Official status of te reo Māori
Te reo as an official language of Aotearoa/New Zealand
In New Zealand, anyone is allowed to speak any language they like, but you can’t necessarily expect people to be able to communicate with you in your language of choice in every situation. However, te reo Māori does have a special status under the law.
The Māori Language Act declares that te reo Māori is an official language of New Zealand. In line with that official status, any person has the right to speak Māori in court (see the next section in this chapter, “Your right to speak te reo in court”). Apart from that, the status of te reo Māori as an official language is mostly symbolic, rather than giving you rights to use it in particular places outside of a courtroom.
Other state bodies, like government ministries and departments, should make sure people can use te reo Māori there, but that generally comes down to their policy, rather than a legal rule they have to follow.
Te Taura Whiri i te Reo Māori/The Māori Language Commission
Te Taura Whiri i te Reo Māori (the Māori Language Commission) was first established by the 1987 Māori Language Act to develop and advise on ways of giving effect to the status of te reo as an official language of Aotearoa New Zealand, and to promote it as a living language and an ordinary means of communication. The newer Act, Te Ture mō Te Reo Māori 2016/Māori Language Act 2016, continued the Commission and its role. The Commission also grants official certificates of competency for interpreters and translators for te reo. (For interpreters and translations in court cases, see the next two sections in this chapter, “Your right to speak te reo in court” and “Translation of court documents into te reo”.)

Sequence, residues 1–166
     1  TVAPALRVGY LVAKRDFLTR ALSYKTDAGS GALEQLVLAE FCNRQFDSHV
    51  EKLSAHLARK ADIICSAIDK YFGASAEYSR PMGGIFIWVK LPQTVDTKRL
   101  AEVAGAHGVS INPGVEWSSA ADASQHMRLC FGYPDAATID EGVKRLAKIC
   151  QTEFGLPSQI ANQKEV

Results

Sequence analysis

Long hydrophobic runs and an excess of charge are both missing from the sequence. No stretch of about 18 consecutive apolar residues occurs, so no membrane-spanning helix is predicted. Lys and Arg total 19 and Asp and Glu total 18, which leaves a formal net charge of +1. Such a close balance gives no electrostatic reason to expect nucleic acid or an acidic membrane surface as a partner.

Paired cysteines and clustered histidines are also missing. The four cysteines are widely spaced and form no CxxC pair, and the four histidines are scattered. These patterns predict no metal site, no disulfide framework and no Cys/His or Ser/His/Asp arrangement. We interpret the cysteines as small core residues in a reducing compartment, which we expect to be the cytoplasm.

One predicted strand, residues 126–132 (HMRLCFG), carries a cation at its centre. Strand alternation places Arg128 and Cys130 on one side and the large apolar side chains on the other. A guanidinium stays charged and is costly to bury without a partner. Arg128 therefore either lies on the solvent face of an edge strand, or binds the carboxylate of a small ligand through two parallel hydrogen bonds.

The 2016 Act also established a new independent body, Te Mātāwai, to represent iwi and Māori in providing input into Māori language strategy. Te Mātāwai provides leadership in promoting the health of te reo for iwi and Māori, including at the community level, and also supports and influences government initiatives aimed at promoting te reo.
Note: The Māori Language Act 2016 carried over basically unchanged the rights contained in the previous Act, the Māori Language Act 1987. The 2016 Act did, however, make some changes to the organisational framework for promoting te reo.